Michael Williams and the hypothetical world

Minerva - An Internet Journal of Philosophy 6 (1) (2002)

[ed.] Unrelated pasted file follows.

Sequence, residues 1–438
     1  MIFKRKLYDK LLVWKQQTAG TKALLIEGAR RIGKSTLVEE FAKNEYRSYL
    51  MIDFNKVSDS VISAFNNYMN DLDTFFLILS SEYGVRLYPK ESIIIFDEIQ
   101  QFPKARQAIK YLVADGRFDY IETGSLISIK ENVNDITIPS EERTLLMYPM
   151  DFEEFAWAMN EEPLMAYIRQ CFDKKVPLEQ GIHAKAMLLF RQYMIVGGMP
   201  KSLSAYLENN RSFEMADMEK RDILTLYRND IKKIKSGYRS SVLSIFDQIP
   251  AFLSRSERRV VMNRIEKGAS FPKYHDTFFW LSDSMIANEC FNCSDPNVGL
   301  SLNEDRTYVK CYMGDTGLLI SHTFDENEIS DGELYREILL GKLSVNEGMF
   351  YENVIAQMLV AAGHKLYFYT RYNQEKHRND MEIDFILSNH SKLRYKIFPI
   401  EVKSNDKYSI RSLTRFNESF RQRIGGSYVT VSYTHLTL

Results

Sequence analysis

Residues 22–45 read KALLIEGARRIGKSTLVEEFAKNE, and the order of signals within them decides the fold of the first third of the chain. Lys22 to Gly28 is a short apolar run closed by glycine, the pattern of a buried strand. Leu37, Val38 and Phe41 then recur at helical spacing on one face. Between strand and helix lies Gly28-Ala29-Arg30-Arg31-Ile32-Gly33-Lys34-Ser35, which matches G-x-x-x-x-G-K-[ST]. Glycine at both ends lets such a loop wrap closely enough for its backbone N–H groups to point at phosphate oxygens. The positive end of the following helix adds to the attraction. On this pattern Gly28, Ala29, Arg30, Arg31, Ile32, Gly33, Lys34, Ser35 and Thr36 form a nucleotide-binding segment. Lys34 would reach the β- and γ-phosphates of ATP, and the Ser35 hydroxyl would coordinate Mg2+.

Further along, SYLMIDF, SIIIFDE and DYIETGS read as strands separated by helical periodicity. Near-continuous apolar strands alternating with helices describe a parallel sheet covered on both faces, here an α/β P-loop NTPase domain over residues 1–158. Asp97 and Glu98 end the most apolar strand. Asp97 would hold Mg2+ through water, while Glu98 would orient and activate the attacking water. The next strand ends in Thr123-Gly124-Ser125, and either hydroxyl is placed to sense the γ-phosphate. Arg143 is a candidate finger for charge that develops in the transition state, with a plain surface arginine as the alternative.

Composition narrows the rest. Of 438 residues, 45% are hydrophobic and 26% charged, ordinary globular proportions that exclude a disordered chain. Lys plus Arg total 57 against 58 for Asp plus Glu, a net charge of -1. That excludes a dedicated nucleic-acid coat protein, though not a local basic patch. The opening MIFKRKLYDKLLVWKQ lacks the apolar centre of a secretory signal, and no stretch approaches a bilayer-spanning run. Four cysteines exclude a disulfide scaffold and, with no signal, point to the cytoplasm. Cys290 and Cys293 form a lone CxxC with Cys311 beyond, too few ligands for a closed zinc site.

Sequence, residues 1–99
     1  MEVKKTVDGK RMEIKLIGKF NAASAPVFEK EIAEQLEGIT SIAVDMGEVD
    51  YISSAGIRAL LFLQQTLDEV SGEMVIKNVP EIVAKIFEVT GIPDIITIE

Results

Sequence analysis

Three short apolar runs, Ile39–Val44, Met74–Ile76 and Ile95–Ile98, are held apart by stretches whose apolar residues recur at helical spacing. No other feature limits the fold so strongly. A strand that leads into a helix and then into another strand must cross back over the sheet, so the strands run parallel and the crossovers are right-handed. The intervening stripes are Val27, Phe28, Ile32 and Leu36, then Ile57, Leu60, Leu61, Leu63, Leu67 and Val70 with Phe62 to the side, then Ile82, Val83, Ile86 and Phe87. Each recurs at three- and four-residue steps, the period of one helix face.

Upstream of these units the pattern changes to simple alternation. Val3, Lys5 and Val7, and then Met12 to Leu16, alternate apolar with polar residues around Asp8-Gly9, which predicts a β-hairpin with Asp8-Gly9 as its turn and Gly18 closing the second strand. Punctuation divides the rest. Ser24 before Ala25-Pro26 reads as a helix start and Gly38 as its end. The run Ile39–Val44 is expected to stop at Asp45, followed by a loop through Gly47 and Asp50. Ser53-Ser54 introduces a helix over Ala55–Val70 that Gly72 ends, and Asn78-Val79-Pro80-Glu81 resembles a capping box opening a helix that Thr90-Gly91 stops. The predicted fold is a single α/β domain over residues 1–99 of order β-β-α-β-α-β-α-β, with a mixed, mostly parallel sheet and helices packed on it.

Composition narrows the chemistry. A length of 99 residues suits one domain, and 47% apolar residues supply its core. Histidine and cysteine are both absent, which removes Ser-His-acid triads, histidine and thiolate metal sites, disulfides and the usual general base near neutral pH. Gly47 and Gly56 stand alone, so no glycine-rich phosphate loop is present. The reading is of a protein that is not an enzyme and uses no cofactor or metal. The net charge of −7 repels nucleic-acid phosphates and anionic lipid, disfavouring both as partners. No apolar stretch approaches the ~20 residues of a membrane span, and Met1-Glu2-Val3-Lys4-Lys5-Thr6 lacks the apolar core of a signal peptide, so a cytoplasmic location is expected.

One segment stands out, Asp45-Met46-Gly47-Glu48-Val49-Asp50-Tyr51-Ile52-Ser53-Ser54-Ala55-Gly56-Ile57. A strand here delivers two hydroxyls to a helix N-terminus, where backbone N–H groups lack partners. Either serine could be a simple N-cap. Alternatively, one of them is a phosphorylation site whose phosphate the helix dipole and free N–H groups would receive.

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Michael Williams has frequently considered and rejected approaches to "our knowledge of the external world" that see it as the best explanation for certain features of experience. This paper examines the salience of his position to approaches such as Mackie’s that do not deny the presentational directness of ordinary experience but do permit a gap between how things appear and how they are that allows for sceptical doubts. Williams’ main argument is that, to do justice to its place in a foundationalist strategy, the external world as hypothesis must offer an explicandum that does not invoke concepts of objects but is rather purely experiential. He next claims that no coherent regularities are available at such a level so there is nothing to be explained. Coherence only comes with objects, not as something objects could explain. Confronting this with Mackie’s Lockean theory of perception, we find that Mackie decisively rejects the first claim about the nature of the explicandum, since he sees ordinary perception as involving intentional objects which are distinct from the persisting objects they present. He is also committed to rejecting Williams’ line on purely experiential regularities, though this plays a subordinate role in his general position. The crucial issue then becomes the tenability of Mackie’s intentional object analysis and the extent to which it might yet tilt the argument in favour of realism against a global sceptic. In formulating his own epistemological strategies Williams might appear to countenance a version of Mackie’s view divorced from foundationalism. But while Williams’ contextualism in its minimal version might do so, in practice it retains the lessons derived from his skirmishes with scepticism and thus disallows certain types of enquiry. I conclude by contrasting Mackie’s response to scepticism with that of Williams in his diagnostic vein.



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